Sam Ruby recently launched a wiki for the Echo Project (which needs to be renamed) which has the following goals

  • We want a weblog authoring tool to be able to post log entries to all sort of weblog engines. Prerequesites:
    • common API to the weblog engine
    • common markup for the entries
    • common meta information such as author, time, place, etc.
  • We want to read weblogs using a variety of means, including various transformations by software. Prerequesites:
    • standard output formats such as RSS with a specified list of optional well-defined modules (and plain HTML, of course)
    • common API if the queries are allowed (eg. all log entries in a specific time period)

Although people like Sjoerd Visscher and Ben Trott have mentioned why the "Echo: The Syndication Format" is different from RSS, no one has actually bothered to state why the why "Echo: The Weblog API" which is supposedly the primary reason for Echo existing would be better than the status quo (the MetaWeblog API and others)

Below is a more in-depth exposition of my earlier post describing the limitations of current weblog posting technologies and the problems Project Echo is supposed to fix. Specifically, I will tackle the MetaWeblog APIs since certain parties who are personally invested in it have engaged in a FUD campaign and have given the impression that there is little if anything fundamentally wrong with it.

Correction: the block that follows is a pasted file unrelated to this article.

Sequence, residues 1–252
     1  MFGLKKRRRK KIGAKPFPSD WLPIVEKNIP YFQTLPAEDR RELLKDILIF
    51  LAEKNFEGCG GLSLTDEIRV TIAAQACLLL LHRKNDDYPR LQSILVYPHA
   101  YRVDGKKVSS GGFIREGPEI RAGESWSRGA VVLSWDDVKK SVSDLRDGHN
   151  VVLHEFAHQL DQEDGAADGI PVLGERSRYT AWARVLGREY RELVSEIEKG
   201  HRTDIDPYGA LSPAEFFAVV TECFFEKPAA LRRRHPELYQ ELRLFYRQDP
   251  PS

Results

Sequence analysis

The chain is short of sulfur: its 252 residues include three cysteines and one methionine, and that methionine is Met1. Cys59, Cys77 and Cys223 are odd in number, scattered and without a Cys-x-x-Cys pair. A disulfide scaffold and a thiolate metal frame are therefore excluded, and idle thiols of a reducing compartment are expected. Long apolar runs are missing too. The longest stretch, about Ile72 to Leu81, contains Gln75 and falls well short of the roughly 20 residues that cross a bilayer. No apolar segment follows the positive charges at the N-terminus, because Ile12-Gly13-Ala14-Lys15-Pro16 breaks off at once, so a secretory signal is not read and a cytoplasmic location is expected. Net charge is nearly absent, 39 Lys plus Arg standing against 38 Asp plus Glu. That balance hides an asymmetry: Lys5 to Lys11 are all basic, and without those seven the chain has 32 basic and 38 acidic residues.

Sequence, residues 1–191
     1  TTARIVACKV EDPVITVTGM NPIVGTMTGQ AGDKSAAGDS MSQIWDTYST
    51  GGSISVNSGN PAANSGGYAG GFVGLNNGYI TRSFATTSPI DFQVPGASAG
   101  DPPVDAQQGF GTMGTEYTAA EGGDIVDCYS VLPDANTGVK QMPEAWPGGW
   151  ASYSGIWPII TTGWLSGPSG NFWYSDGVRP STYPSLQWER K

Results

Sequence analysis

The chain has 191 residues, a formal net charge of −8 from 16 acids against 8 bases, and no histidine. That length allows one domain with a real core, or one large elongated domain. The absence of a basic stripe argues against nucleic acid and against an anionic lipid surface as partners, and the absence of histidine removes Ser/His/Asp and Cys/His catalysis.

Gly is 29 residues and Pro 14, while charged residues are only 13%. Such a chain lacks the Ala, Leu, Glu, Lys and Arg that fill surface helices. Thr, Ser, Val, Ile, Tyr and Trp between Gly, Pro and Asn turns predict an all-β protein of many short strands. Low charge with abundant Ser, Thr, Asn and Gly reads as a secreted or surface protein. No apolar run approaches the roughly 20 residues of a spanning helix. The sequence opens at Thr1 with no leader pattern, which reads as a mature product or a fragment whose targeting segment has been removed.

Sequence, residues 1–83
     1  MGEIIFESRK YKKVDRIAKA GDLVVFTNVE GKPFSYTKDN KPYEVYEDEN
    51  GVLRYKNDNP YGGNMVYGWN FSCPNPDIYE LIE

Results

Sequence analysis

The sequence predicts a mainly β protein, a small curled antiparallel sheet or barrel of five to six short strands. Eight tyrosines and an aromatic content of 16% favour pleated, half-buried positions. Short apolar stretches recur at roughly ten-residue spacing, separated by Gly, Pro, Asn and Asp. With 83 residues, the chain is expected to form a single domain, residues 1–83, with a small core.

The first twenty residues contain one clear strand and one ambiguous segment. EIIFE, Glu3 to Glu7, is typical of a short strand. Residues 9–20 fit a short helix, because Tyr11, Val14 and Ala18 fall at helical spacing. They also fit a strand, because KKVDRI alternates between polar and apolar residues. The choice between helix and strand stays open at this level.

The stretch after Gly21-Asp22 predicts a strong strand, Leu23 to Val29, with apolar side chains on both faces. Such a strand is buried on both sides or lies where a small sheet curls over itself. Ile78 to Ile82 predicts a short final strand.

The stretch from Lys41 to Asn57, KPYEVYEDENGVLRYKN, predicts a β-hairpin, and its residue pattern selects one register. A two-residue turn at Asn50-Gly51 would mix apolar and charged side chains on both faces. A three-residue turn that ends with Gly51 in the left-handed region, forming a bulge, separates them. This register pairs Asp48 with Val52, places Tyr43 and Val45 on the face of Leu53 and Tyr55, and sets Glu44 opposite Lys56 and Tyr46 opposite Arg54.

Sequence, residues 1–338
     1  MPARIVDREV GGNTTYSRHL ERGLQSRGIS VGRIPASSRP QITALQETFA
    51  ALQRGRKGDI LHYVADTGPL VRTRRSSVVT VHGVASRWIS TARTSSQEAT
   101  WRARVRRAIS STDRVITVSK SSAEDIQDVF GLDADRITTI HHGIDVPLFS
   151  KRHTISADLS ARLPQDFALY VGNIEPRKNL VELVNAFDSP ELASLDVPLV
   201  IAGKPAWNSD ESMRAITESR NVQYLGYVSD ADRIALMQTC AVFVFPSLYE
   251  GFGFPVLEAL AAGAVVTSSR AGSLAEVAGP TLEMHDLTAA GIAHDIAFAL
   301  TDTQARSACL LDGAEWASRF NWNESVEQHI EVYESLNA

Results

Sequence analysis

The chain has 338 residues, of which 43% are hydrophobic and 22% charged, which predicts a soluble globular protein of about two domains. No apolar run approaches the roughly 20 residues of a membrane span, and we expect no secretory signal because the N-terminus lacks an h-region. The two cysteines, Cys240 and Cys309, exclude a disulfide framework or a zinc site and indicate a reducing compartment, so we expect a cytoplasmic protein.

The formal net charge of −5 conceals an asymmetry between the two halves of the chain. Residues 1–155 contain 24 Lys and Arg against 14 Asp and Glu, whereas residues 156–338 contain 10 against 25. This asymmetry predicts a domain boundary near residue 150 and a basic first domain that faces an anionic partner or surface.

June 28, 2003
@ 12:58 AM

It seems Simon Phipps has stared a list of known bloggers that work at Sun Microsystems which led me to Norm Walsh's blog. Yet another one of the XML gods has started blogging. Sweet. By the way, Simon's list makes a decent companion to Joshua's list of bloggers who work in the B0rg Cube. I wonder when someone will start similar lists for IBM, Apple and Sun folks.

So far Sam Ruby is the only IBM blogger I've seen and the most visible Apple blogger I've seen, David Hyatt, has hard to turn off comments in his blog due to being flooded with bug reports. Interestingly enough I haven't seen similar things happen on the blogs of the various B0rg folk including mine. Not that I'm asking people to post bug reports in my diary. ;)